Prior research suggests that firm productivity and export activity are mutually reinforcing. Highly productive firms are more likely to enter the export market (i.e., self-selection), and upon doing so, achieve greater productivity levels over time (i.e., learning-by-exporting). We consider how a critical yet unexamined, factor impacts this relationship: the economic development of a firm’s home market. Drawing on institution-based theories, we hypothesize that self-selection effects will be strongest among firms in more developed economies. Drawing on knowledge-based theories, we hypothesize that learning-by-exporting effects will be strongest among firms in less developed economies. Taken together, we posit that firm productivity and export activity indeed reinforce one another; however, the strength of each direction of the relationship will be amplified, at least in part, by the presence of the opposite home-market economic conditions. Analysis of longitudinal data from the World Bank Enterprise Surveys composed of responses from 3431 manufacturing firms across 63 countries from 2006 to 2017 supports the proposed hypotheses.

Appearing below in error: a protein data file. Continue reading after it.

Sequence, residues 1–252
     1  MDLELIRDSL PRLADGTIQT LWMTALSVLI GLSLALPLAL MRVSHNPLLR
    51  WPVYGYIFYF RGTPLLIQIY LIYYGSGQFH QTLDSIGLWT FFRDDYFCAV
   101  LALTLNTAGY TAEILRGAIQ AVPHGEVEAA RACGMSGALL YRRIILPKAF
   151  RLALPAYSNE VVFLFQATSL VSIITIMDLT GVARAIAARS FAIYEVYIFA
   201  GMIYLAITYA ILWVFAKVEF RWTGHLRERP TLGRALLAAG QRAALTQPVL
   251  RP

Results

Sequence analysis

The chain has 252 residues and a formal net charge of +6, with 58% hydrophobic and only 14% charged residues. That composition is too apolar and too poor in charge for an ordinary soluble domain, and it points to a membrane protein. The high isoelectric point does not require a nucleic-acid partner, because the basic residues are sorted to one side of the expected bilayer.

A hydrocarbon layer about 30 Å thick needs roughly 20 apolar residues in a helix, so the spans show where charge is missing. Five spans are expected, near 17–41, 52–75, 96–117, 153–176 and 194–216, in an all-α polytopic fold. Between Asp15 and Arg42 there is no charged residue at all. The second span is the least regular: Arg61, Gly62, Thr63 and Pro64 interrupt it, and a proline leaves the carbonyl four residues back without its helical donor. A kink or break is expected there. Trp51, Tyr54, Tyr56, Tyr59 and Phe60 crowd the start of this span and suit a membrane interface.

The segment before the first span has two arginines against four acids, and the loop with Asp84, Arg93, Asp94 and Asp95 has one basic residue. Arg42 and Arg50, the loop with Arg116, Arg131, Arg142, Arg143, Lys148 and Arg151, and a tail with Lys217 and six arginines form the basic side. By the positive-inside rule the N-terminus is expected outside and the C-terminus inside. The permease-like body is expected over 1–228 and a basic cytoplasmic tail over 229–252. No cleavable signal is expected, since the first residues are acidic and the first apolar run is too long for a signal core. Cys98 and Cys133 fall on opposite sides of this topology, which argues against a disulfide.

- firm internationalization
- home-market economic development
- total factor productivity
- World Bank Enterprise Surveys